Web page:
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Alex Ross’ comic-book art shows influences including Norman Rockwell

It may seem an odd idea to see comic-book art in a museum. But one look at the work of Alex Ross and you will understand why it is featured in a major exhibit, “Heroes & Villains,” at The Andy Warhol Museum.

Truth is, there could be no better place to laud Ross’ art than The Warhol. After all, Ross is considered by many to be the Norman Rockwell of the comics world and his photorealistic works are oft noted as being the first to represent superheroes as if they are real people.

But when the Warhol’s director of exhibitions, Jesse Kowalski, an ardent comic book fan, first proposed the idea of organizing a retrospective exhibition of the artist’s work, it wasn’t well received.

“To many, people comic books have a stigma of being amateur fantasy art thumbed through by pimply adolescents in their parents’ basements,” Kowalski says. “‘Comic books do not equal art.’ It is true that a lot of comic book art is not terrific, especially now that artists have left pencils for computers, figuratively and literally distancing themselves from the paper surface.”

But when Kowalski showed high-resolution images of Ross’s work to Warhol director Eric Shiner and staff, opinions changed.

“I posited that much of Ross’s art is an extension of classic American illustration, from early 20th-century Saturday Evening Post covers to the Americana of Norman Rockwell to the pop art of Andy Warhol,” Kowalski says.

Now, visitors to the museum have an opportunity to either agree or disagree with the curator. And more than likely, upon seeing “Heroes & Villains,” they will agree.

Occupying the entire seventh floor of the museum, the exhibit includes 134 works by Ross, including paintings, drawings, photographs and sculptures from Ross’s personal collection, and works by classic American illustrators J.C. Leyendecker, Andrew Loomis and Rockwell. As always, there are a few wonderful works by Warhol thrown in for good measure.

The exhibit begins with some of Ross’s earliest works, comic books he created at age 4. Above those, arranged on a shelf, are a series of cardboard figurines he made at age 11 of all of his favorite superheroes, proving that, even at a young age, Ross was a comic-book protege like none other.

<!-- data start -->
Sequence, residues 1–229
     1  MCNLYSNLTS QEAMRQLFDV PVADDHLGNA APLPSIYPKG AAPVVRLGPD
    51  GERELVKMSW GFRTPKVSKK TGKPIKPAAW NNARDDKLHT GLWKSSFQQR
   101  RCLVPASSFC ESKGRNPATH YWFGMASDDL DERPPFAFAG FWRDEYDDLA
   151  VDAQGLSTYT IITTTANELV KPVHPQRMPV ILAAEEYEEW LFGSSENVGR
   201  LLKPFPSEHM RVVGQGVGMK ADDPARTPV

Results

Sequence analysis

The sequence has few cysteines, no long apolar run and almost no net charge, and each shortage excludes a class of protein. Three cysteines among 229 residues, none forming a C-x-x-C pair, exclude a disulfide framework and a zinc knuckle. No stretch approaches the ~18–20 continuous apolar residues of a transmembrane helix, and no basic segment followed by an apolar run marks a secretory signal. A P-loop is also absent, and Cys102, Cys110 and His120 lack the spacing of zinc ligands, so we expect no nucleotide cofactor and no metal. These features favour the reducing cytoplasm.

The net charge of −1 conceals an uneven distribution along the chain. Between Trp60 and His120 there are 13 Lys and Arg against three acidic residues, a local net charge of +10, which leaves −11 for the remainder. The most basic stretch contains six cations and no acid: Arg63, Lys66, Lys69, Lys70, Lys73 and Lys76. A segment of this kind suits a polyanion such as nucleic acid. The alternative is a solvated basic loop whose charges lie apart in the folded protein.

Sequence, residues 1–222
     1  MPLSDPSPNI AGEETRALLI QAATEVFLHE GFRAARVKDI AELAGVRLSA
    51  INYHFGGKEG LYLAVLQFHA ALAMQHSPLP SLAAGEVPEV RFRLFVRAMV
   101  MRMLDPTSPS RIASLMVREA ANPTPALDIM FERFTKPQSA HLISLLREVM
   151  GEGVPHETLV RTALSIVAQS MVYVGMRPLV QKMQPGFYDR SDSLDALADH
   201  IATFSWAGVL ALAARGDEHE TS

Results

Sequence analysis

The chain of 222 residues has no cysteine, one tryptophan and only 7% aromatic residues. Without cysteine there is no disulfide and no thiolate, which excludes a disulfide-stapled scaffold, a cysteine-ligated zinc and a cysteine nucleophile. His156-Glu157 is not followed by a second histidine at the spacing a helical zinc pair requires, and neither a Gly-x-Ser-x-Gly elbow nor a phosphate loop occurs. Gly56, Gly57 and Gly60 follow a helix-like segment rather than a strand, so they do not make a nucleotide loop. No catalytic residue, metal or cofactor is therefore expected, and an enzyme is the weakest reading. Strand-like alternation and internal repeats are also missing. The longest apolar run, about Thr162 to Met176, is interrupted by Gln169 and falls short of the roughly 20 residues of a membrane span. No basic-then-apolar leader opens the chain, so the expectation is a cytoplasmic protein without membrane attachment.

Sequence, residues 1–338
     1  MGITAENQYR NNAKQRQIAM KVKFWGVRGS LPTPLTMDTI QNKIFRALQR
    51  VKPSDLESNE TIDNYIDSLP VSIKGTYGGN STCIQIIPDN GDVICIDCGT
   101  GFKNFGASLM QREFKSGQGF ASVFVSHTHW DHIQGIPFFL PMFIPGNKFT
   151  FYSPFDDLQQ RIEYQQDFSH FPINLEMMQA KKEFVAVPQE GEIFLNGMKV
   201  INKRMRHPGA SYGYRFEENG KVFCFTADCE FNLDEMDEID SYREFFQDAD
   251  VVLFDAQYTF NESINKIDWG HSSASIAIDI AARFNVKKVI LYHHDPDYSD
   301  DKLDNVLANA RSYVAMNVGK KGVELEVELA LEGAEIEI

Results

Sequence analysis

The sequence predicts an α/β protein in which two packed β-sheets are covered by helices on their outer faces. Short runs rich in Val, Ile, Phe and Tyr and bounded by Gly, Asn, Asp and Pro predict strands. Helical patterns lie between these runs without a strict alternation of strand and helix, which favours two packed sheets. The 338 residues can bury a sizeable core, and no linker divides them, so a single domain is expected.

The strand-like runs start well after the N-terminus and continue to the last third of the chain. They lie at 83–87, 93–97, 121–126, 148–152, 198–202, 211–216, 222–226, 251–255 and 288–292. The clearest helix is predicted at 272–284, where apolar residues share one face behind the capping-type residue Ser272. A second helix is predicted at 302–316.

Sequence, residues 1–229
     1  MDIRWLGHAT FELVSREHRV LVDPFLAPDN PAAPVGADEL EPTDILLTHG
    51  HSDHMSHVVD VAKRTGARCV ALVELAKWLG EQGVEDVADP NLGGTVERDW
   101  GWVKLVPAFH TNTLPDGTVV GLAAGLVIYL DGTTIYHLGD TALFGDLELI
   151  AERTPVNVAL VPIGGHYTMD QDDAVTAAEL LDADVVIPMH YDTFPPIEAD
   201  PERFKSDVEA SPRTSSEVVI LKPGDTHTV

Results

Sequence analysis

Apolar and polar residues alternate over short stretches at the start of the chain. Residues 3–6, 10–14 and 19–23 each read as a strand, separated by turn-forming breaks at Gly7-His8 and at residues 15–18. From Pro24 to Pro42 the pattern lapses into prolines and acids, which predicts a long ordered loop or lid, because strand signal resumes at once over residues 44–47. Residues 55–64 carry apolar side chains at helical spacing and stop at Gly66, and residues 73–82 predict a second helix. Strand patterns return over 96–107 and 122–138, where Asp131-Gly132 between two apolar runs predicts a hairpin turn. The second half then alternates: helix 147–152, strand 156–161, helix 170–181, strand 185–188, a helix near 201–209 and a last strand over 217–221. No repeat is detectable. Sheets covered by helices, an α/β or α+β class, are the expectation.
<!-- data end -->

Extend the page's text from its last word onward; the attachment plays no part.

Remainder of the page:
Ross, who was born in 1970 in Portland, Oregon, is the son of Lynette Ross, a successful fashion illustrator in Chicago during the 1950s. She has more than half a dozen works on display, too. But other artists influenced the young Ross as well, which is why an entire gallery is dedicated to those influences.

Here, visitors will be surprised to find not one, but three original works by Rockwell. Most impressive is “The Golden Rule,” an oil-on-canvas on loan from the Norman Rockwell Museum in Stockbridge, Mass., one of Rockwell’s most famous works.

Rockwell’s influence continues in Ross’s work. Rockwell’s impact was so great that the lighting and composition of works like Rockwell’s “The Golden Rule” — as well as “United Nations” and “The Right to Know,” also on display — form the basis of the covers of Ross’s comic-book series “Kingdom Come” and “Justice” that hang nearby.

Looking at the cover pieces for the two-volume paperback version of “Justice” (2006) next to Rockwell’s “United Nations,” one can see that the sense of light employed in the charcoal study that Rockwell intended to be the basis for a 10-foot-long mural to be hung in the United Nations building in New York had a direct influence as the way Ross chose to treat the characters in his piece.

The main gallery features many original paintings and cover art from some of the comic books that have made Ross a household name in the comics world, especially “Marvels” and “Kingdom Come.”

Ross had worked on assignments for Marvel Comics as early as age 19 while a student at the American Academy of Art in Chicago, the city where he still lives and works.

But it wasn’t until five years later, after a stint working as a commercial storyboard artist at an ad agency, that he painted a visual history of Marvel Comics’ central characters in the groundbreaking comic-book event “Marvels” (1994). This was followed by another hugely successful comic book series “Kingdom Come” for DC (1996, also co-authored by Ross).

Not just Marvel characters, but paintings of many DC comics characters are on display. Both Superman and Batman are represented in a great many original watercolors and digital prints.

One painting in particular, “Superman #1” from 1998 , draws inspiration from the original cover of the comic book that first appeared in June 1938. But here, the hero looks all the more real thanks to Ross’ inimitable realistic style.

Looking at this piece, it’s easy to see why Ross would go on to win the Comic Buyer’s Guide Award for “Favorite Painter” so many times that the award was retired.

And though nearly every painting is of an easily recognizable DC or Marvel comics superhero, one painting in particular is a real standout for being e different.

A painting of Andy Warhol flying up into the sky, as if a superhero himself, was painted by Ross as a gift to the museum. The image, which depicts Warhol flying alongside a flock of geese, accompanies a small comic-book-size gallery guide for the show. A fitting tribute to both artists.

Photo Galleries

Alex Ross

Alex Ross

His comic-book art exhibit at the Warhol show influences that including Norman Rockwell.

Additional Information:

‘Heroes & Villains: The Comic Book Art of Alex Ross’

When: Through Jan. 8. 10 a.m.-5 p.m. Tuesdays-Sundays, until 10 p.m. Fridays.

Where: The Andy Warhol Museum, 117 Sandusky St., North Shore

Admission: $15; $9 for senior citizens; $8 for children and students

Details: 412-237-8300 or www.warhol.org


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